RN's forced to do CNA work - page 2
I am a new nurse and was wondering if this is a standard practice. When my floor needs to use a CNA to sit with a patient, they often have an RN take on the CNA's job for that shift. The RN no longer does any RN work for that... Read More
- 5Sep 29, '12 by Five&Two Will DoAnd sooner or later after many hard shifts of work overload and all of the extra responsibility that comes with the letters "RN" a good shift of patient care or sitter duty is quite appealing to me too!
- 10Quote from Five&Two Will DoI did a sitter shift a while ago.It was great. Only one patient( he slept the whole shift). no bells to get, no meds, no doctors...And sooner or later after many hard shifts of work overload and all of the extra responsibility that comes with the letters "RN" a good shift of patient care or sitter duty is quite appealing to me too!
- 1Sep 29, '12 by Five&Two Will DoQuote from loriangel14I don't know what kind of unit you work on, but it is nice too leave the monitors and gtt's and definitley doctors behind for a day!!!I did a sitter shift a while ago.It was great. Only one patient( he slept the whole shift). no bells to get, no meds, no doctors...
- 7Sep 29, '12 by nursej22I actually enjoy "CNA" work and wish I had more time to provide basic cares and get to know my patients on a more personal basis. As it is, on most nights I am so hurried with assessments, meds, and documentation that I seldom get to interact with my patients much more that hi, bye (exaggerating, of course).
We have been very short on aides though, and from time to time an RN works as a CNA on our floor.
Maybe I don't mind assisting patients because I originally trained as an LPN and is was seen as honorable. I used to work with a doc who put himself through medical school as an orderly and he would volunteer to help clean, turn or boost a patient.
- 6Sep 29, '12 by OfficialWarmBodyI work on a med/surg floor. I often tell the aides that they get the least amount of money for the hardest work. CNA's make my job easier. If ordering out dinner I always pay for their food as a small gesture of appreciation for what they do. Often on our floor the RN will charge the patients on the floor and get our q4° vitals, if we are without an aide. The brief changing, repositioning, call bells, pitcher filling etc. falls on the primary nurse.
- 6Sep 29, '12 by RNsRWeQuote from Five&Two Will DoOk, let me try again.I hardly think disparage is a word that would rate my comment appropriately. All I am saying is that "patient assessment and meds, treatments, dressings" are only part of the entire nursing practice. Do you think that each level of licensure builds upon the last? I do not think it is acceptable to promote the concept that once one has the letters RN after his or her name, it removes the responsibility for the lower level duties of the nursing practice. You clearly share the OP's opinion. The beauty of the autonomous practice of nursing is that you can do it how you see fit. I know for certain that the largest hospital in this city will flex nurses home and have them use their PTO if the census is low enough to allow a nurse to be a sitter. Surely it is better to do "CNA work" and get paid RN $. I do think it is repulsive for an RN to make it seem as though their title means that they should no longer have to do the CNA work. I went to school to expand my scope of practice. That does not mean eliminate part of it. Sorry if you disagree and sorry also to the OP if I was too harsh.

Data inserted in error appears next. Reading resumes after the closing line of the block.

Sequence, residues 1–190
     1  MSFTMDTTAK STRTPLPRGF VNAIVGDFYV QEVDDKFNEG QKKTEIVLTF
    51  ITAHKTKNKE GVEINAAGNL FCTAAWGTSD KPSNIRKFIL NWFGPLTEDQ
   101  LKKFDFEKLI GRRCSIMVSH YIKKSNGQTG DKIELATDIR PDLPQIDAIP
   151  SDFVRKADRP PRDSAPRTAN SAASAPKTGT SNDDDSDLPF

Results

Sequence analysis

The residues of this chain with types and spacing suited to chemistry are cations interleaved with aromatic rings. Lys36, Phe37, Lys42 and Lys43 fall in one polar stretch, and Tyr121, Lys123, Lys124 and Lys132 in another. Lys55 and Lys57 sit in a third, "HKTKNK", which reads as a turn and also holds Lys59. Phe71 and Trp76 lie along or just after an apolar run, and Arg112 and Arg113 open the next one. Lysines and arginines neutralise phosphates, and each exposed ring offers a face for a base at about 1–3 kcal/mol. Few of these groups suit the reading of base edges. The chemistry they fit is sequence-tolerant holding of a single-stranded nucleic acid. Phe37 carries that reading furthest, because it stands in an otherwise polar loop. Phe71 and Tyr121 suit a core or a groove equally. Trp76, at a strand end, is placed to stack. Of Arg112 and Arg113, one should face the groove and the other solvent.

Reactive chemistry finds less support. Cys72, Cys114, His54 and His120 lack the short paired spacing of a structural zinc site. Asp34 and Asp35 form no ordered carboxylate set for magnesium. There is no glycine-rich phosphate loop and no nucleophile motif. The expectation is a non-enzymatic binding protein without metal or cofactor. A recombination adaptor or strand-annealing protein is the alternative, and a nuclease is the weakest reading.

You and I are not on different sides of an issue here; actually we are in total and complete agreement. However, in saying you were harsh toward the OP I was pointing out that you seem to have judged her wrongly. Your post said you were repulsed by the attitude that being an RN made someone "too good" for CNA work, and I was simply stating that nowhere in the OP's post OR attitude, in my opinion, gave this message. The OP was merely inquiring if an arrangement like the one she described would be normal (as she's new): and frankly, it's a silly use of staffing. It's been pointed out by others that having one MORE nurse on the floor and one LESS aide would actually work out better for everyone--the nurses do their own cares, etc.
I'm giving the OP more credit than you are probably because I don't see her post as 'not wanting to do CNA work' because it is beneath her, but simply because she'd rather take a NURSING assignment. Heck, what's the problem with that? Her nursing assignment would obviously include cna/tech work if there wasn't any aide on the floor....but it struck me that she might prefer that. Why assume she just didn't want to do it at all? And, to be fair, you've used the same broad brush to define ME as well.... incorrectly, I might add.
My facility has zero CNAs. Can't say it wouldn't be nice, though; it's endoscopy and I assure you we see puh-lenty of "poop"
- 3Sep 29, '12 by eatmysoxRNQuote from KelRN215That is a better idea in most cases, but sometimes that isn't practical when the RN who floats is not familiar with yhe types on patients on that unit. I'd be lost and dangerous to patients if I had RN duties on L&D. I could successfully aide though.This is silly. It would make more sense to have the nurse on the floor with her own assignment (so everyone has a lighter assignment) and then those nurses who don't have a CNA assigned to them just do everything for their patients. That's how we did it when I worked in the hospital.